Choosing the Martial Art Instructor for Me

By: Tammy Parlour


Every leisure centre seems to have at least one, but with the British Journal of Sports Medicine claiming that practising martial arts could be a better way for middle-aged people to boost all-round fitness than going to the gym, how can the average person make sure that there choice of club is the right choice?

In the west most teachers will allude to their competence by stating their rank, how long they have practiced and referencing their teachers. Although some may seem to have high level qualifications, have studied with many impressive people and practiced for a number of years, they may still be incompetent or poor practitioners and teachers. This can make finding an exceptional teacher rather difficult.

When looking for the right martial arts teacher it's important to consider a few simple things:

1. What goals do you want to achieve. You need to tell prospective teachers exactly why you want to learn and what you want to achieve. Not all teachers may be willing or able to teach you exactly what you what to learn.

2. Understand the differences between styles/forms and how they may apply to you. Do you want to do mainly kicks, throws, or a combination of all things? Do you want to learn a purely physical art, or understand its' spiritual nature and mind principles?

3. Teaching experience of instructor. There are three kinds of experience that are important: time spent studying, time spent doing, and time spent teaching. It takes time and experience to understand how to teach almost anything effectively. How much and what experience does the teacher have?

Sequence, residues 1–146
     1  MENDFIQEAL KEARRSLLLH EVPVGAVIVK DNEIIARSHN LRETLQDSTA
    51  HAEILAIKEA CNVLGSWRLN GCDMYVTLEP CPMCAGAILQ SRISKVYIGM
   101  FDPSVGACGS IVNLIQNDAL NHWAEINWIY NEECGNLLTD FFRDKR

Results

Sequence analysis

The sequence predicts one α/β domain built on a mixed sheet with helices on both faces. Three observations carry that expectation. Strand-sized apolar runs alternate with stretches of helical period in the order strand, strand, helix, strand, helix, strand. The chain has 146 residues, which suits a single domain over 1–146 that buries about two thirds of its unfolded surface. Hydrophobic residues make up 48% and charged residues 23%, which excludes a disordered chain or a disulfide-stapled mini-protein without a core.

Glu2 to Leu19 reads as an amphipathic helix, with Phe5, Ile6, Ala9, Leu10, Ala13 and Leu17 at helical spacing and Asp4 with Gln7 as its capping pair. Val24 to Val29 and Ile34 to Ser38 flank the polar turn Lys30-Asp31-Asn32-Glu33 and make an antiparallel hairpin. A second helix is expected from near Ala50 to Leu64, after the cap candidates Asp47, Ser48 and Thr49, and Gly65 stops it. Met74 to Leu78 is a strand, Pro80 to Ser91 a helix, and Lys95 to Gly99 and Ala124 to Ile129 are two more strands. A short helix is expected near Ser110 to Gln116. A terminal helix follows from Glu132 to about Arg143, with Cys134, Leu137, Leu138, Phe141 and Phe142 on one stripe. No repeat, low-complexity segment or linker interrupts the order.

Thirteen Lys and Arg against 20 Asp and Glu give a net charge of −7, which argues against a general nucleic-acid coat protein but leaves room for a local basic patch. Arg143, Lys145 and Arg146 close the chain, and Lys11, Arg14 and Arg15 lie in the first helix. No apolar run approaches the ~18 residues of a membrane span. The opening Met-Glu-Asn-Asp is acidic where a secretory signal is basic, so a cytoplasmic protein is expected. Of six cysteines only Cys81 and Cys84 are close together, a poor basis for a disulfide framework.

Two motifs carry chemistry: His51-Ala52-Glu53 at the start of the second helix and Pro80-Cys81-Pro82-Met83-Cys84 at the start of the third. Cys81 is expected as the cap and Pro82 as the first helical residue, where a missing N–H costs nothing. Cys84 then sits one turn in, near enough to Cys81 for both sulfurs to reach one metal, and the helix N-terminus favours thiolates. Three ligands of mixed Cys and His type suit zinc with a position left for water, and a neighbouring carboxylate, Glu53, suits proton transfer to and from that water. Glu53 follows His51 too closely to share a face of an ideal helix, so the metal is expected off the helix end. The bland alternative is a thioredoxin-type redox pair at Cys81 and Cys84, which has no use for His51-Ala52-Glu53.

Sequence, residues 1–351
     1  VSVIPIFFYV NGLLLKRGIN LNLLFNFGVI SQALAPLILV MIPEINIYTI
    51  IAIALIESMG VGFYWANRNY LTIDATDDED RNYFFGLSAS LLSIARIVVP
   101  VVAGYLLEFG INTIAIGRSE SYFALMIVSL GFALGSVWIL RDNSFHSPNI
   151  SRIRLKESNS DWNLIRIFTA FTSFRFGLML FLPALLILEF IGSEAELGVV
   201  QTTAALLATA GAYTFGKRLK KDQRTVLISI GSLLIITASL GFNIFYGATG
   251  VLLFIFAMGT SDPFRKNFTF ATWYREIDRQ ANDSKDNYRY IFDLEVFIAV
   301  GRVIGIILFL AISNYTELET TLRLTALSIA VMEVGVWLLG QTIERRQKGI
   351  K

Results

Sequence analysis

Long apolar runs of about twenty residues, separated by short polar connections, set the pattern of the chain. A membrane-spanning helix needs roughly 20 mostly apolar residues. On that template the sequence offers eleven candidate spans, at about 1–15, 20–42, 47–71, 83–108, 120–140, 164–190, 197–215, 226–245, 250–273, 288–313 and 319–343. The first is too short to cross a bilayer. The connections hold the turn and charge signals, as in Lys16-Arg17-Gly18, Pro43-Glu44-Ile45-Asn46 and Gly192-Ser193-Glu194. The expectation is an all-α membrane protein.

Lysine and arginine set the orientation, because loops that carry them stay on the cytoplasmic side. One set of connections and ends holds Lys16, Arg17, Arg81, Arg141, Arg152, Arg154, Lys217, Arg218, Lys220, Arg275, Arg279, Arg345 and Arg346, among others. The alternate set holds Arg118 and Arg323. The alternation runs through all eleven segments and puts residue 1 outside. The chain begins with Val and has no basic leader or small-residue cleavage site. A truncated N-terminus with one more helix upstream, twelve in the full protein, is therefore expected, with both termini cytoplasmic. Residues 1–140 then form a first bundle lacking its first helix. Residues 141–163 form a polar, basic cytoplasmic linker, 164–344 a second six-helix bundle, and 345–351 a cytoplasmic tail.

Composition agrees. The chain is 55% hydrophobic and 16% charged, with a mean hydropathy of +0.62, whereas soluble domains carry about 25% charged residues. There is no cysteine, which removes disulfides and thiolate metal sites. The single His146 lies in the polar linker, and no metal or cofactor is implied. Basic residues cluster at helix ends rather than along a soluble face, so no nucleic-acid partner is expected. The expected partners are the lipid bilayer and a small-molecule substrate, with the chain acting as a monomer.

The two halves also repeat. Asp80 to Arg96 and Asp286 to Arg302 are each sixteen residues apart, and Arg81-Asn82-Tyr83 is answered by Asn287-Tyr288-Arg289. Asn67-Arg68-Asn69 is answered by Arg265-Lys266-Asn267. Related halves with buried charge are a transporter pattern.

4. Instructor's ability to communicate. An excellent practitioner is not necessarily the best communicator. The best instructors combine both these skills, but the latter - their ability to communicate accurate, complete and understandable information - will affect your ability to learn.

5. Instructors range from the laid back hippy to the military style commando. Think about what teaching approach works best for you and which personality types you can work with.

Once you have found the right instructor, then the real work begins - training. A quote often referred to at Chang's Hapkido Academy London, a London based martial arts school is that, "Excellence is not an act it is a habit". Even with the best instructor then, it is practice that makes perfect.

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Tammy Parlour, London martial arts instructor and long time student of Hapkido Master Gedo Chang. Visit www.ChangsHapkido.net for more information.

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